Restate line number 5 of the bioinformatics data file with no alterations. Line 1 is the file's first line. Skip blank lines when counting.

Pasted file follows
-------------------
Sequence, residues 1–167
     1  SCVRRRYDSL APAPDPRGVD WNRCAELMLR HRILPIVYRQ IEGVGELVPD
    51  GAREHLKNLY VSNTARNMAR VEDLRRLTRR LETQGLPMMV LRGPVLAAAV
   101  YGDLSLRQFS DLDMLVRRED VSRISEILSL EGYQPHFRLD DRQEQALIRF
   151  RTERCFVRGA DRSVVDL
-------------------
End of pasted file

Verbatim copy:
   151  RTERCFVRGA DRSVVDL